Sport: Why Are We So Upset About LeBron James?
LeBron James isn't the first wonder child of sports, just the latest. And the tallest. Sarah Hughes was 16 years old when she became the darling of the country and the whole world at the Winter Games in Salt Lake City.
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It was her time in skating, and when that happens for stars, everybody else has to get out of the way. As always, nine million hours of television coverage were just a warm-up act for women's figure skating, which is always the whole ball game. The whole two weeks are always built around that one competition, because it is the one people most want to watch on television, the women in the audience especially. So last year it was built around this smiling, thrilling girl from Long Island, who blew the doors and roof off that ice palace in Salt Lake.
Sarah Hughes was This Year's Girl. There is always one at the Olympics, sometimes more than one. Sometimes -- and American television looks for them -- we get a girl in the Summer Games as well, the way we did with Mary Lou Retton in Los Angeles and then little Kerri Strug in Atlanta.
They are all hopelessly young. No matter how much we romanticize who they are and where they come from and the way they are reaching for the sky, we also can't forget that they have never had anything resembling a normal childhood; their parents have essentially handed them over to coaches, telling those coaches to make their kids, if they are special enough, into gold medal winners. They are teenaged pros sometimes before they have ever gotten a driver's license or gone to a prom or kissed a boy.
Somehow, we are all right with that. They are our Golden Girls. We are fine with Sarah Hughes being the face of sports, or Tara Lipinksi or Michelle Kwan. They are cute, they are girls. They're ours.
Sarah Hughes getting this rich and this famous this way, we're good with that. No one wrings their hands and worries about how she's not having a normal high school experience, or being corrupted by television, or magazines, or anything else.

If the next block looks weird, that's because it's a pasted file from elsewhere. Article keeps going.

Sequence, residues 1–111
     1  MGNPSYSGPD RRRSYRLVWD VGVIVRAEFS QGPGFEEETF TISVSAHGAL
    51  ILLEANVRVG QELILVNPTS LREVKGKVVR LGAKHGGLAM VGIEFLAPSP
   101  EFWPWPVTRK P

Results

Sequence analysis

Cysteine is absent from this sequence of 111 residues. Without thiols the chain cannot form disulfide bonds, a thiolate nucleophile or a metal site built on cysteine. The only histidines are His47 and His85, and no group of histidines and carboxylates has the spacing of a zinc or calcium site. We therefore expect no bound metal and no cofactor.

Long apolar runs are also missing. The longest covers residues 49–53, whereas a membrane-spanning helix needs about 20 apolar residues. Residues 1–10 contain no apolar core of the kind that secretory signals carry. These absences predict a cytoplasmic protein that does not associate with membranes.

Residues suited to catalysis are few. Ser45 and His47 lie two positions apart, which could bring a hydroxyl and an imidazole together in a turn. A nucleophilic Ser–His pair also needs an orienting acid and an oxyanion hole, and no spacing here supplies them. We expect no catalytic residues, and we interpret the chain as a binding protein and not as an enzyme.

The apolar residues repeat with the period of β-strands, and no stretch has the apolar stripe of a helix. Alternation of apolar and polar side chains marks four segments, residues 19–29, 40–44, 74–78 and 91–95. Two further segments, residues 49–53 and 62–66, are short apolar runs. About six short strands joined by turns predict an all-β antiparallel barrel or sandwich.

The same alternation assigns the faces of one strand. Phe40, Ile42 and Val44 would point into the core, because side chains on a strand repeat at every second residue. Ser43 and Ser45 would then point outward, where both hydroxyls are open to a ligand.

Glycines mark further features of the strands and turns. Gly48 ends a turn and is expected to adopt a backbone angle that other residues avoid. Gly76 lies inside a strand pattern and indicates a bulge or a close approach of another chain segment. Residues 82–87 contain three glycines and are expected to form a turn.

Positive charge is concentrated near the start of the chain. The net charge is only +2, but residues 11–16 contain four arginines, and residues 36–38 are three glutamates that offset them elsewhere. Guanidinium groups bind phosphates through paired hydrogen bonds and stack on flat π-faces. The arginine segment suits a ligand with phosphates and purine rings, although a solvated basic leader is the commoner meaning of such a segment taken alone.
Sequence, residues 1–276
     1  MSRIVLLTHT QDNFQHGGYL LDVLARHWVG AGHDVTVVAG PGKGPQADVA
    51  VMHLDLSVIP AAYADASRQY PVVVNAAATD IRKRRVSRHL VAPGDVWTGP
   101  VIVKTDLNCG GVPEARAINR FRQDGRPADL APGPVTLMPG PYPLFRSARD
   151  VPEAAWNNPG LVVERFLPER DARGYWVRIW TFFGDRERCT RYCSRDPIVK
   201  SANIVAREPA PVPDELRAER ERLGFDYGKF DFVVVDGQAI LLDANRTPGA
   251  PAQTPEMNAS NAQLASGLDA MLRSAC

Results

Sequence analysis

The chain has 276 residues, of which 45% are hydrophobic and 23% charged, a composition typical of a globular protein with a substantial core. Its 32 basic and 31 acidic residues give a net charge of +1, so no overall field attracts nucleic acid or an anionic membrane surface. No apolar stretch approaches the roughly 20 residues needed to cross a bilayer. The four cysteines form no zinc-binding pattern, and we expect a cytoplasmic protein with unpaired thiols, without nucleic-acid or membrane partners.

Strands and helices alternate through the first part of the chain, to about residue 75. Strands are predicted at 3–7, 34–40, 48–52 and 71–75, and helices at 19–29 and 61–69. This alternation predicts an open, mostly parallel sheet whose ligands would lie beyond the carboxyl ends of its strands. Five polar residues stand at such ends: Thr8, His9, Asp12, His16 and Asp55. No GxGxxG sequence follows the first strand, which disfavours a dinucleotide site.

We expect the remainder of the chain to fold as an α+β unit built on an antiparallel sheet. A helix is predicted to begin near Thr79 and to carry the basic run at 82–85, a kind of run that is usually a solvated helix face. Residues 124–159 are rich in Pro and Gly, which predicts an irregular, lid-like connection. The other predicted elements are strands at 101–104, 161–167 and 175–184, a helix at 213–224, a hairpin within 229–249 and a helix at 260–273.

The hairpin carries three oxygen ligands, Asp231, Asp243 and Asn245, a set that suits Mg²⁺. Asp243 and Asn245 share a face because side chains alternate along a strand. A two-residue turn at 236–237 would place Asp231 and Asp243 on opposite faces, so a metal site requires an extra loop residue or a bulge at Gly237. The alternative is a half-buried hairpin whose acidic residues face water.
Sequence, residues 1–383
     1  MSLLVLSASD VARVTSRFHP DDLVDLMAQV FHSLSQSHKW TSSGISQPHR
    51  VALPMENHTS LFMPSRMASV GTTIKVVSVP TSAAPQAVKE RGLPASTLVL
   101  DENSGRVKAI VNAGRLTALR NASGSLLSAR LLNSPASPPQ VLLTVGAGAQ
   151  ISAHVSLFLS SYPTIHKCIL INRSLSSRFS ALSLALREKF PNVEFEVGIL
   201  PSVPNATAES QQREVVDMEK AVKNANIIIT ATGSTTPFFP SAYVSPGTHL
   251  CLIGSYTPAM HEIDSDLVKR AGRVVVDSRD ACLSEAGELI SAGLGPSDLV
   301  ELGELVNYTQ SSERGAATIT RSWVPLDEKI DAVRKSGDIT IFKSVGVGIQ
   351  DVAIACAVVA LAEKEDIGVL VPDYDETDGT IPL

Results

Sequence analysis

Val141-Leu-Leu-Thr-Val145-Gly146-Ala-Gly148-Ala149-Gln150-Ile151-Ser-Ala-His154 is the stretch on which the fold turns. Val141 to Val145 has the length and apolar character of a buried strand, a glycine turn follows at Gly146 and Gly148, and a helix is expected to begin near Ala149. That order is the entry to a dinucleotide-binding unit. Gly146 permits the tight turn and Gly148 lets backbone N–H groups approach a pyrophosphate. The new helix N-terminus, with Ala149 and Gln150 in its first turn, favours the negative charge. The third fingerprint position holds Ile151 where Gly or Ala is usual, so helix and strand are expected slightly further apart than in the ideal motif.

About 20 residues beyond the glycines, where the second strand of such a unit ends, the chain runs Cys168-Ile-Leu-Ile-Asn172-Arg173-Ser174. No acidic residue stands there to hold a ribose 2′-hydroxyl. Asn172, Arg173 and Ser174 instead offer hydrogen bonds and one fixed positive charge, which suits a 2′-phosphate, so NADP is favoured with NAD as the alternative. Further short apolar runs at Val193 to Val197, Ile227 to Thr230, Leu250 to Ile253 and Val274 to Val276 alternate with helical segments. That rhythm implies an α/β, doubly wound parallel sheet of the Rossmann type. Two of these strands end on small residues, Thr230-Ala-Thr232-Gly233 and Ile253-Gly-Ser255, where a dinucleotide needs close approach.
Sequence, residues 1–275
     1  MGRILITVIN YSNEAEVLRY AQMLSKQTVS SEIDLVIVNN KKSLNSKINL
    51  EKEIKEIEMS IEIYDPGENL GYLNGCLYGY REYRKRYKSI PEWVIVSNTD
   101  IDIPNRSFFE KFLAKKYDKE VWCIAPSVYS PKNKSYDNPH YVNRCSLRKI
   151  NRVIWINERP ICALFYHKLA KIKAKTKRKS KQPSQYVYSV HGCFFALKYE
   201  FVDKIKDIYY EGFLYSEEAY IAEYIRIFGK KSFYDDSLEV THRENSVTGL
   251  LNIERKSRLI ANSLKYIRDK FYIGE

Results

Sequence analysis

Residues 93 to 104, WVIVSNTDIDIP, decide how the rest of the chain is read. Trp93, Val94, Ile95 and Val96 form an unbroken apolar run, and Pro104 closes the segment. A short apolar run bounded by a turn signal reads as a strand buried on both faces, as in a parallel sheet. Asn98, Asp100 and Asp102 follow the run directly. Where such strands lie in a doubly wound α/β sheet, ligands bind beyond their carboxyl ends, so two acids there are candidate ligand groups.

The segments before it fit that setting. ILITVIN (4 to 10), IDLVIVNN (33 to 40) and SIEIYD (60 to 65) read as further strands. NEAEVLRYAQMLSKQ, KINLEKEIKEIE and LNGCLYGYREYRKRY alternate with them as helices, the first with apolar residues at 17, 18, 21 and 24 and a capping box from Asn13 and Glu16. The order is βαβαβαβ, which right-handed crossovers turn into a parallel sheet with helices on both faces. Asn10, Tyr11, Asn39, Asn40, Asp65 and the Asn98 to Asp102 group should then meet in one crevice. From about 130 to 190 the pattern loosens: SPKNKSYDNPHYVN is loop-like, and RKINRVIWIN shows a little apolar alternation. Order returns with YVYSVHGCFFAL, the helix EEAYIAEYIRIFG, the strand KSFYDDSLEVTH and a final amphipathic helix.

But that is exactly what happened with LeBron James. A high school kid touring the country like Holiday on Ice, that was supposed to be the greatest crime against the young since, what, since Richard Williams was supposed to be ruining the childhoods of Venus and Serena? Richard Williams is no saint, and hasn't always behaved like the Father of the Year, and he will certainly burn some comments dumber than "Joe Millionaire" into your memory. But here is the question you have to ask about him, and his daughters, now that the daughters aren't teenagers anymore, and keep making tennis history:
How did it all work out for them?
We're not nearly as comfortable with LeBron James, out of Akron, Ohio, out of St. Vincent-St. Mary High School, off the cover of Sports Illustrated and ESPN: The Magazine, out of all the headlines about the retro jerseys he was given and the arenas he sold out; out of the front seat of that famous Hummer his mother Gloria gave him for his 18th birthday. It's all right for him to be the face of sports, people seem to be saying, but we'll let him know when.
Except we don't get to set the agenda here. We don't get to make the rules. Talent has always done that. Nobody could hold back Tiger Woods -- the last person to make this spectacular a move from being an amateur to being an official pro -- when it was his time and nobody could hold back Sarah Hughes. And nobody could hold back LeBron James, the most famous high school basketball player this country has ever produced, at least all the way back to when Kareem Abdul-Jabbar was Lew Alcindor and tearing things up for Power Memorial in New York City in the early '60s. That school is gone now. So is the world in which Lew Alcindor grew up.
Now it is LeBron James's world. And we all have to deal with it or get out of his way. And stop acting like hypocrites as we weep at the sight of little Sarah Hughes, ice-dancing pixie, becoming our star-spangled girl, and then become outraged because LeBron James, even living in public housing, was driving around his final semester at St. VincentñSt. Mary in a $50,000 SUV.
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